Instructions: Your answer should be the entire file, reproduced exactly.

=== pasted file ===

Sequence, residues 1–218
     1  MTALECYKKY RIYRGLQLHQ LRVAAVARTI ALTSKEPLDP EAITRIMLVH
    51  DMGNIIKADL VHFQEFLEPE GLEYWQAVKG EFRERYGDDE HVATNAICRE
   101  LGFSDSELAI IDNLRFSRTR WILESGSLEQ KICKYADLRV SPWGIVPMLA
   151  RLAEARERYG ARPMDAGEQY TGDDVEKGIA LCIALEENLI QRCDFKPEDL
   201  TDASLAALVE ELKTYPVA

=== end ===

Sequence, residues 1–218
     1  MTALECYKKY RIYRGLQLHQ LRVAAVARTI ALTSKEPLDP EAITRIMLVH
    51  DMGNIIKADL VHFQEFLEPE GLEYWQAVKG EFRERYGDDE HVATNAICRE
   101  LGFSDSELAI IDNLRFSRTR WILESGSLEQ KICKYADLRV SPWGIVPMLA
   151  RLAEARERYG ARPMDAGEQY TGDDVEKGIA LCIALEENLI QRCDFKPEDL
   201  TDASLAALVE ELKTYPVA